BLUFFTON — After meeting for more than two hours, it appears the Shannon Cemetery Commission still may not have a solution to restoring the cemetery.
Commission members did make a recommendation during the meeting to allow for a ground penetrating radar procedure to be performed, but even that is in jeopardy.
Commission chairman Nate Ulrey plans to recommend to council that they allow for the procedure, which could potentially locate grave sites, but only with donated funds. The Friends of Shannon Cemetery, a group of concerned citizens wanting the cemetery restored, agreed to pay for the $650 to do the procedure, but only if it is guaranteed that all head stones are returned to their original sites. The two organizations spent time disagreeing at times that some of the original sites could be located due to incomplete records.
Commission member Dick Boehr contested that many misrepresentations had been made of the commission’s plans, which must be ultimately approved by village council.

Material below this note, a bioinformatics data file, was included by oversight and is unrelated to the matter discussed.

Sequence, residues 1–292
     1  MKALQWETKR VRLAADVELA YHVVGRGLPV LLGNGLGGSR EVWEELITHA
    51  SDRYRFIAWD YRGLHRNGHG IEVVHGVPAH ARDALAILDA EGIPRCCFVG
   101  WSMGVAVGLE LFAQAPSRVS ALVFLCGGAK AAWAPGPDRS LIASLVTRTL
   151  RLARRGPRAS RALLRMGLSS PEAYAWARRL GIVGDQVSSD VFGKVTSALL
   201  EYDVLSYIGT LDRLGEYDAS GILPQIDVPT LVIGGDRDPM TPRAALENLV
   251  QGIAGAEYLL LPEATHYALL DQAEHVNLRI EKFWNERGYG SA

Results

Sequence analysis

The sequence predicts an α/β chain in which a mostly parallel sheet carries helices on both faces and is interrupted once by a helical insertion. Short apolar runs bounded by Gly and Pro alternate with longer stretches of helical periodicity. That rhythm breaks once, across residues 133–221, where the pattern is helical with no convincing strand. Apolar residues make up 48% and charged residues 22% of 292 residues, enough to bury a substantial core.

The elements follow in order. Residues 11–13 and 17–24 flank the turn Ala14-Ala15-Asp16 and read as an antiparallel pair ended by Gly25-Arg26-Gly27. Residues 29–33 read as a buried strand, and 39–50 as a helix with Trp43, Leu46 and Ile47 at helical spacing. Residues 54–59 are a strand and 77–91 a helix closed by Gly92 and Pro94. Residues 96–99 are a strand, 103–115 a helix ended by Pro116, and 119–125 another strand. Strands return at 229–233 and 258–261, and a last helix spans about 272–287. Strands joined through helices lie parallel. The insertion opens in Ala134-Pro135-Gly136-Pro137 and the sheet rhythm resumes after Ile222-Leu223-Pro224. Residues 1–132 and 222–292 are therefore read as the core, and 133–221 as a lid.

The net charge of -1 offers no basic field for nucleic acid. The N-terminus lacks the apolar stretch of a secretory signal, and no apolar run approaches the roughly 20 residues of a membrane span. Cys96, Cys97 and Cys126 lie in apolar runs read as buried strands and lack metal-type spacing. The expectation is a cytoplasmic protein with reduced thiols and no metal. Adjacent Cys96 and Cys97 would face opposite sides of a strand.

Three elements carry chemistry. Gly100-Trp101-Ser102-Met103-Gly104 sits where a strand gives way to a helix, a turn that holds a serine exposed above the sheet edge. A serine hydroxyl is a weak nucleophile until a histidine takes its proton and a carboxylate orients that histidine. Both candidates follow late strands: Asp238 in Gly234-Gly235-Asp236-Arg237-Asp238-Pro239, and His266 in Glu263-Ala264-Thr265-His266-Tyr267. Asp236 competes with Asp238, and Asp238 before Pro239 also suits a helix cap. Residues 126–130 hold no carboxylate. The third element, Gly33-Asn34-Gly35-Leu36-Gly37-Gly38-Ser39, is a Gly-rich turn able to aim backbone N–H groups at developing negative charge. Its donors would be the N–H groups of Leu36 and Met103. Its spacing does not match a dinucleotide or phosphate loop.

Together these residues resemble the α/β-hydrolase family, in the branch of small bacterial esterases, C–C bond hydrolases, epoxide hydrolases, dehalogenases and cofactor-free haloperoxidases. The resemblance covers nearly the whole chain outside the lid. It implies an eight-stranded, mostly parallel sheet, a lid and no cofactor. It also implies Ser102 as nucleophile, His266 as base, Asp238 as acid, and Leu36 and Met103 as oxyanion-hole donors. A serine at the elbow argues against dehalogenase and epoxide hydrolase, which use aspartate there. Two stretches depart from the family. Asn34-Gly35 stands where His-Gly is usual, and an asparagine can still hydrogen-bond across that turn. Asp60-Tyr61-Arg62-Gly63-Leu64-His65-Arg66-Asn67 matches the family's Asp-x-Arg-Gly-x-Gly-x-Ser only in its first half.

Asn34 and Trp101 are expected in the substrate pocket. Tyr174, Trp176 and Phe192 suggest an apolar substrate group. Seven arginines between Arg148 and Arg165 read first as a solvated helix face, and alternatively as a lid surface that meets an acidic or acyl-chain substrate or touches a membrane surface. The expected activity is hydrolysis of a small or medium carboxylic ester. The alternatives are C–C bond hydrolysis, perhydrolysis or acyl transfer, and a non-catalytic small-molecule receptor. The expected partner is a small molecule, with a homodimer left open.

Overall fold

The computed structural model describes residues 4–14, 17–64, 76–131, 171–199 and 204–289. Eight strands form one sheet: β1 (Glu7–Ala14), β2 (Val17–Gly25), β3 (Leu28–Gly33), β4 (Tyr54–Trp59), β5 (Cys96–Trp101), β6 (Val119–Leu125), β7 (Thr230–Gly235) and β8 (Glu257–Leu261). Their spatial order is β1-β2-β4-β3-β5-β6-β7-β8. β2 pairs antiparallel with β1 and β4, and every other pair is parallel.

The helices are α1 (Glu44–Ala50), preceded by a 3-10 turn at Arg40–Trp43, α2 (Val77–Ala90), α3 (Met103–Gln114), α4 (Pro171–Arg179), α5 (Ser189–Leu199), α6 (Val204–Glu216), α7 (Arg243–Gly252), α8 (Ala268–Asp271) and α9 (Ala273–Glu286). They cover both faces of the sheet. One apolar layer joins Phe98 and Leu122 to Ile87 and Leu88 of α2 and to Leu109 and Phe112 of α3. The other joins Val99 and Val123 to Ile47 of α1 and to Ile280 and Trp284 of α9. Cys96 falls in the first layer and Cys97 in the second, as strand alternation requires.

“There is distortion in the facts that people are representing,” Boehr said. “I don’t take the comments seriously.”
Boehr later reached a brief heated verbal exchange with Friends of the Shannon Cemetery member Ray Mumma, which was quickly cut off by Ulrey.
“The fighting has got to stop,” Ulrey said. “We have been at this for five months and there are a lot of hurt feelings out there.”
The cemetery closed in 1870 because it was full. A few over 40 grave sites are known now, but some estimate as many as 200 people are buried there. Head stones from the 40 grave sites are in storage as the issue is being sorted out.
The commission reviewed the thoughts of a survey given to several area community organizations, which the most popular suggestion being replacement of the stones and creating a memorial with the remaining stones in which burial spots could not be located. Records from the cemetery were lost many years ago to a fire, however the Friends of the Cemetery have said they have been able to locate several locations through other sources such as newspapers and records kept elsewhere.
The commission expressed concern with accepting the donation if it came with requirements because they did not want to tie the hands of council.
The commission also briefly discussed the existence of any federal laws requiring them to put tombstones back in their original spots for veterans. Village solicitor Steve Chamberlain said he had been in contact with the Veterans Administration and told that no such law exists and that no laws had been broken up to that point with removal of the stones to be placed in storage.
Reach Lance Mihm at 567-242-0409 or at Twitter@LanceMihm